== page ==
Earlier this week, I watched three episodes of American Experience on PBS, about America’s involvement in World War I. I never knew much about the war; I guess we never got that far in World History (in something the same way that we never got much beyond the Civil War in American History, or much beyond the Alamo in Texas History). Starting in 2014, as the centennial mark of the beginning of the war meant that there was more attention to it, I tried to become more informed, which just lead to lots of weeping. But, I started with:
Also, I knew that my paternal grandfather served in France in WWI. My maternal grandfather, by time America got involved and established a draft, had four daughters, including a young infant, so most likely draft-exempt.
Leroy Goodwin began his service on October 2, 1917, and was part of the American Expeditionary Forces, from June 1918 ’til January 1919, with an Honorable Discharge on February 15, 1919. Armistice Day for WWI was November 11, 1918. I know absolutely nothing else about his military service.
Except that he had some time to shop, probably in those weeks between Armistice Day and when he came back home.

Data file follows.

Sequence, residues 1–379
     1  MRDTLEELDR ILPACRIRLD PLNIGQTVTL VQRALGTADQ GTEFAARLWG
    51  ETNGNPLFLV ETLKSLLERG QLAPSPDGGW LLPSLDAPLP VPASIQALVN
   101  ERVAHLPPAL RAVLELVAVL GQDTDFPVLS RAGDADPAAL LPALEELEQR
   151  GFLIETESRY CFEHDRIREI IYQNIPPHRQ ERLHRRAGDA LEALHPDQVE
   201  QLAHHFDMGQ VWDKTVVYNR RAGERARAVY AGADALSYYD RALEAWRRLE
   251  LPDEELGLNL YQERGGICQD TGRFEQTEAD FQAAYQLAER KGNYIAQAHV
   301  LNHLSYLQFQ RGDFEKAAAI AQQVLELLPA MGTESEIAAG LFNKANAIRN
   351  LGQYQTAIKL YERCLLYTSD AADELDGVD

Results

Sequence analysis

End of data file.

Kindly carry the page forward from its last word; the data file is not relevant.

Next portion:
My dad’s older brother C. L. enlisted in the Navy right after the Pearl Harbor attack. Their younger brother, Joe, wanted to, but had to wait until he was a little bit older. My Dad was in college at Ohio State, and wanted to finish school. But, he got drafted into the Army. He ended up stationed in Texas, where he met my mother. He was part of the occupation army in Japan, after the war ended. He did finish school, but instead of Ohio State, it was at Baylor in Waco, where he and my mother lived happily ever after.
David’s dad was a medic in WWII, in Belgium and Luxembourg. His brother was an army man, too.
I looked at maps, to try to see how WWI affected Europe.
Also, I found this: 40 maps that explain WWI. When I have some time, I think it will help explain things, too. But, I will not have time now. Peter’s coming!
After this I heard what seemed to be the loud voice of a great multitude in heaven, saying,
“Hallelujah! Salvation and glory and power to our God, (New Revised Standard Version)
και μετα ταυτα ηκουσα φωνην οχλου πολλου μεγαλην εν τω ουρανω λεγοντος αλληλουια η σωτηρια και η δοξα και η τιμη και η δυναμις κυριω τω θεω ημων (1550 Stephanus New Testament [Greek])
יט לאחר מכן שמעתי קול אדיר שנשמע כקול המוני אנשים בשמים: “הללויה! הודו לה’! הישועה, הכבוד (Hebrew)
Afta da big angel guy wen talk, jalike one dream, I wen hear one big noise dat wen sound like get plenny peopo inside da sky. Dey singing,
“God, he da greates! Hallelujah! He take us outa da bad kine stuff we stay in! He da awesome One! An he da One dat get plenny power! (Hawai’i Pidgin)
После этого я услышал голос, звучащий, как голос огромного множества людей. Они восклицали в небесах:
Спасение, слава и сила у нашего Бога (Russian)
No matter how you say it, it’s Hallelujah! Our God reigns.